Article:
Spurred by increasing consumer demand and expectations, retailers once again raced to provide faster, better service during peak season 2015, but some may be on the verge of burning out.

According to the National Retail Federation, 2015 online sales grew 9% to $105 billion, and leading retailers mostly made it to the finish line on time, but they may soon be hobbled by two hurdles: increasing cost to serve and a gassed-out carrier network.

Kurt Salmon’s Omnichannel Fulfillment Study acts as an instant replay on retailers’ peak-season fulfillment to help identify how to train for the rest of 2016. After all, the race to please consumers is a marathon, not a sprint.


Cyber Monday, when we placed our early holiday orders, was less about speed than focusing on fundamentals like accuracy while experimenting with new moves like buy online, pick up in store (BOPUS).

For orders placed on Cyber Monday, this year’s fastest companies (see Exhibit 1) delivered in an average of 2.8 days, nearly the same as last year’s top performers, as shown in Exhibit 2. We used Cyber Monday as a benchmark for early holiday ordering since it’s the single biggest online shopping day of the year, according to Adobe. Meanwhile, brick-and mortar traffic was highest on Super Saturday, the Saturday before Christmas—beating out even Black Friday, according to Bloomberg.

zoom iconExhibit 1: Speediest retailers deliver in fewer than four days.Outside of the top 10 early performers, most retailers took longer to deliver compared to 2014. The average order-to-delivery time across all retailers studied was 6.9 days—20% slower than the average of all retailers surveyed in last year’s study. (See Exhibit 2.)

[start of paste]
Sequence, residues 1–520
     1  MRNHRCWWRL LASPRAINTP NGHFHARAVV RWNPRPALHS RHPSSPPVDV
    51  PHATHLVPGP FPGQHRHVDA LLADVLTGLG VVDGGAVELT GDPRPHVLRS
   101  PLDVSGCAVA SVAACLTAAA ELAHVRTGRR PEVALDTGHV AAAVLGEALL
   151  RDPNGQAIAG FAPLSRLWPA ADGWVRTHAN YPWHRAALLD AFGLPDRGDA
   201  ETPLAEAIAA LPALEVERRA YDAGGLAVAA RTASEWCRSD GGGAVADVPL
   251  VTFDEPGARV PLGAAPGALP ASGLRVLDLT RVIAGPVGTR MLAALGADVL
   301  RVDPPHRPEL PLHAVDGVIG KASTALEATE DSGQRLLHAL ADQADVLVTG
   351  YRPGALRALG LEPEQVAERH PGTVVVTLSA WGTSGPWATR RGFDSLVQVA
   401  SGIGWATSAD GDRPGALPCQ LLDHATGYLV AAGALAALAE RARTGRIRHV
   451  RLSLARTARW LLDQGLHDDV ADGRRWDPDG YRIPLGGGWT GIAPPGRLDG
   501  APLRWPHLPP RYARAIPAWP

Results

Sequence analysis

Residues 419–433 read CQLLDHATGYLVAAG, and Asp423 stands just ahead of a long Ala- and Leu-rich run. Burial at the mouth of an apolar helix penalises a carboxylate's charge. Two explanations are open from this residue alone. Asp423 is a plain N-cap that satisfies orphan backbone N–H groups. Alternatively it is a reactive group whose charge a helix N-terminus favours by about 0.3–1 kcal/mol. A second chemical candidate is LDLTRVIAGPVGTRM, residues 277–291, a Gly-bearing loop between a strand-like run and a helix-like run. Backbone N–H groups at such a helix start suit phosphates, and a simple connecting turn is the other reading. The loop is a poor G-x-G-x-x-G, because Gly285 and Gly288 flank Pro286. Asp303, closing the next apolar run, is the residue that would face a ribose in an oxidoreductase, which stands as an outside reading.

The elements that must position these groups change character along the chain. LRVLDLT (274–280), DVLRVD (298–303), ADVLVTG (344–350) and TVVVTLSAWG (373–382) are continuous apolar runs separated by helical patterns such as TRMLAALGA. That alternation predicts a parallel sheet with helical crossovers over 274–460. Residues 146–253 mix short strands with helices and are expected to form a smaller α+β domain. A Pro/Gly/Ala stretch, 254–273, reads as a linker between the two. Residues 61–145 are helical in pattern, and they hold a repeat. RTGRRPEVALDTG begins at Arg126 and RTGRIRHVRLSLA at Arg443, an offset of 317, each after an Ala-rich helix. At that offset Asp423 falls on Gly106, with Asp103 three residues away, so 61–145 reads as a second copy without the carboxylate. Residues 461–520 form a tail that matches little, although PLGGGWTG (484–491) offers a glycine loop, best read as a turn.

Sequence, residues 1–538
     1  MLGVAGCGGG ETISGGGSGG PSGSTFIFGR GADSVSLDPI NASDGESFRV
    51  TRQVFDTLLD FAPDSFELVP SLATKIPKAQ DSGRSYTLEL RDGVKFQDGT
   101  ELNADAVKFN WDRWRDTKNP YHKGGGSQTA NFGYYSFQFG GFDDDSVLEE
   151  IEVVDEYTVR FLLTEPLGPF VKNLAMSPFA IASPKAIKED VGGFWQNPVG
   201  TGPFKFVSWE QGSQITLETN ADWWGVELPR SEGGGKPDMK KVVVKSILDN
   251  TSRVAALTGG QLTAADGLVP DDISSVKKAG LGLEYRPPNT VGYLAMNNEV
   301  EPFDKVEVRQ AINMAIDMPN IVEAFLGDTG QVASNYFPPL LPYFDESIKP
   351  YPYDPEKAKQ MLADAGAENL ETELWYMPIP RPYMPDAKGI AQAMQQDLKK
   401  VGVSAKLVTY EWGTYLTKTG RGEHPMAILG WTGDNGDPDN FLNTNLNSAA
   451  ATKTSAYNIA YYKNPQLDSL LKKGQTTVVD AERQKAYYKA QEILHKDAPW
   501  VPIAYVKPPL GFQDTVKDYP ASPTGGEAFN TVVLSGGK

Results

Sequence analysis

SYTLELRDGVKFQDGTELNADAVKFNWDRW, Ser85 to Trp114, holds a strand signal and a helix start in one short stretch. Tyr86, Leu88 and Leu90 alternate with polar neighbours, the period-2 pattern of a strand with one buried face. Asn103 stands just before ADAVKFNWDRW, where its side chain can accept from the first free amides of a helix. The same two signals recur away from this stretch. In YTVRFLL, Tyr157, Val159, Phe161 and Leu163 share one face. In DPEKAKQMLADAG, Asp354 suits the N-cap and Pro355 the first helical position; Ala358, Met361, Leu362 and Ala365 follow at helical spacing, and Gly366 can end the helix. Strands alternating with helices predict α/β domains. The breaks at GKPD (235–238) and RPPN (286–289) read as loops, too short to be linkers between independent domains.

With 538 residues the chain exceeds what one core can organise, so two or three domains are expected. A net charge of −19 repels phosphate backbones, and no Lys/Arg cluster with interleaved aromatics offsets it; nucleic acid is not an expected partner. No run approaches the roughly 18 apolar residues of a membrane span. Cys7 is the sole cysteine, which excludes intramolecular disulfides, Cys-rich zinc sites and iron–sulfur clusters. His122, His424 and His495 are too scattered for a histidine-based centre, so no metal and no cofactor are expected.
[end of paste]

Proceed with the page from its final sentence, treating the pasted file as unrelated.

zoom iconExhibit 2: Delivery speeds slowed down in 2015.
Why? We suspect this lagging speed is a symptom of networks on the brink of collapse, carrier delays and slower shipping methods.

Although speed suffered, success improved: Better execution enabled 80% of retailers to complete orders within two weeks of ordering, up from 66% in 2014, with 9% fewer cancelled orders.

That’s thanks to big investments in in-store technology, improved inventory accuracy, and better distributed order management and ship-from-store processes.

Retailers also worked up a sweat cutting customers’ costs: A whopping 90% of retailers offered a way for customers to get free shipping, up 15% from 2014. And 64% of retailers offered free shipping on everything, up 28% from 2014.

Plus, this year, half of all retailers offered BOPUS or reserve-in-store opportunities—up 35% from last year. Additionally, many retailers who offered these services in a few stores last year have expanded them to more, if not all, of their stores. Since this is typically the fastest way to get your order, and is usually free, this is good news for consumers.

BOPUS winners—Target, Macy’s and Lowe’s—provided good communication after the purchase, had the order ready in less than two hours and made the pickup experience quick and easy. Most importantly, the experience was equally painless across all of the chain’s tested stores.